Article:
"Education is everybody's business," Maria DeWald told participants to NYSUT's "Every Child Counts" symposium. "We want to bring more people into the school community."
DeWald, president of the New York State Congress of Parents and Teachers, hit a responsive chord with the two dozen educators and community members at the symposium's "Parent and Family Engagement" workshop.
"It's not enough to sign up parents on open-school night," she said. "They have to be called and invited. Parents know they should be involved; we have to help them feel capable and invited"
DeWald and her co-presenter, Penny Leask, immediate past state PTA president, stressed the benefits of parental involvement. Students have higher grades, better test scores, improved attendance and completed homework.
"As community leaders, we need to walk in parents' shoes, Leask said. "We have to continually educate ourselves on how we keep parents involved. If all the parents are at the laundromat Saturday or at church on Sunday, we need to have the meetings where they are."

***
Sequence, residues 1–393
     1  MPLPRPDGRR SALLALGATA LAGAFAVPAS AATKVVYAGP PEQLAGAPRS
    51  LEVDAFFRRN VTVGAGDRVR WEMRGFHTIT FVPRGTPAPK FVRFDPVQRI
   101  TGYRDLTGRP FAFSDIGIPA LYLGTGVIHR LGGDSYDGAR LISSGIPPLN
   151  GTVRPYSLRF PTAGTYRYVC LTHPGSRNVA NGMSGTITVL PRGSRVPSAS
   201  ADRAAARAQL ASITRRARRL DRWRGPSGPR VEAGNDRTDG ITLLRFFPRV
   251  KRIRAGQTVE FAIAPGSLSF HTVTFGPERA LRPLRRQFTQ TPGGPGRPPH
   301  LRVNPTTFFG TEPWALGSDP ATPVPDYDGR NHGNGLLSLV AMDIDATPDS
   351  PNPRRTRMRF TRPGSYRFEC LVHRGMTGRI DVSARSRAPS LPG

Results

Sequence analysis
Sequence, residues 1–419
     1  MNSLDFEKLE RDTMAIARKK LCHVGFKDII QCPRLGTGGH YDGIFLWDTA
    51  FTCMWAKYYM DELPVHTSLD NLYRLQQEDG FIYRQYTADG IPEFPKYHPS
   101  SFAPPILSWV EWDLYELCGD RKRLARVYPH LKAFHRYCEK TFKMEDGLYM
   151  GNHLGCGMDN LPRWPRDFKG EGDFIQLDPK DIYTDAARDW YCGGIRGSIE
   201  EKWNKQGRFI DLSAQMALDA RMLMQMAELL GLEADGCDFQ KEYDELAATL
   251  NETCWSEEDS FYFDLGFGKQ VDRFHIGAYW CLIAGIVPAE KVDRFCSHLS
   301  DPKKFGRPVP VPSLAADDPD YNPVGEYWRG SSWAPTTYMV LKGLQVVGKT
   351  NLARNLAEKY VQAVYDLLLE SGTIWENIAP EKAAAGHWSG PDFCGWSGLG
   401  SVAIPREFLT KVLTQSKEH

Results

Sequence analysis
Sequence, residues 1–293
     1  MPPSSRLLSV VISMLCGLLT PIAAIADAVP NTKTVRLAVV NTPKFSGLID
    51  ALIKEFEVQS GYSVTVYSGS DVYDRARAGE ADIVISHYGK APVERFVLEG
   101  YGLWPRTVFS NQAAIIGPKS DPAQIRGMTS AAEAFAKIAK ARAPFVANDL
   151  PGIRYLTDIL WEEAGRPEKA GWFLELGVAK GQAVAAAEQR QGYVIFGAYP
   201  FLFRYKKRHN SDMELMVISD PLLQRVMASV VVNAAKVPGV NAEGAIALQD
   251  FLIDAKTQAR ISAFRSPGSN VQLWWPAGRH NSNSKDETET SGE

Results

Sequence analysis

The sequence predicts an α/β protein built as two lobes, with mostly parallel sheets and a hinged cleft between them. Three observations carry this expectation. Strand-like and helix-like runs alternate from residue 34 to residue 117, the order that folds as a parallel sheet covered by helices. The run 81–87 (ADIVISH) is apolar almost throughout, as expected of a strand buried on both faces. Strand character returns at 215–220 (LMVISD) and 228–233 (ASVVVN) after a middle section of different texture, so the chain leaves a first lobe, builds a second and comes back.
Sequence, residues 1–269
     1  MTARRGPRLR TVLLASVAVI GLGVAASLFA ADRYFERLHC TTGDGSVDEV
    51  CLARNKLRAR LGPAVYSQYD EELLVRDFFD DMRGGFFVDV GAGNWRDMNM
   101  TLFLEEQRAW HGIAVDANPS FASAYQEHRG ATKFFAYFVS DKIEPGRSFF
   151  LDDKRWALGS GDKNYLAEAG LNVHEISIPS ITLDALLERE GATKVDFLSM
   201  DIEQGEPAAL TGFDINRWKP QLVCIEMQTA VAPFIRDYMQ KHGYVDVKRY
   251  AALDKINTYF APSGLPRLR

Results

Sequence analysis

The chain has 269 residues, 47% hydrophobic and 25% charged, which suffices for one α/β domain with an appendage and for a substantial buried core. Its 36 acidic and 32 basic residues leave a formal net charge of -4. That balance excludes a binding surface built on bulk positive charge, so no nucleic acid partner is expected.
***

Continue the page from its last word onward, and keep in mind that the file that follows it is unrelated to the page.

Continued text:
One question that provoked helpful discussion was the topic of grandparents raising school children. Besides the obvious generational differences, many grandparents are unprepared for the work involved in active learning.
Carlos Garcia, an Albany-area community and union activist, offered suggestions that can work in many communities. "Go to your church and ask your pastor for assistance. College students and future teachers may be available. Perhaps an active group of local professionals can help in the process," Garcia said.
Participants also spoke about the importance of each school building providing a welcoming atmosphere for parents. While acknowledging the need for tighter security than in previous eras, the need for welcoming faces, voices and familiar languages was stressed.
DeWald offered other suggestions that could increase a greater parental presence, such as offering GED or parenting classes at night. All families need to embraced, no matter their nationality, heritage language or sexual orientation, she said.
For more PTA recommendations for parental involvement, go to http://www.pta.org/.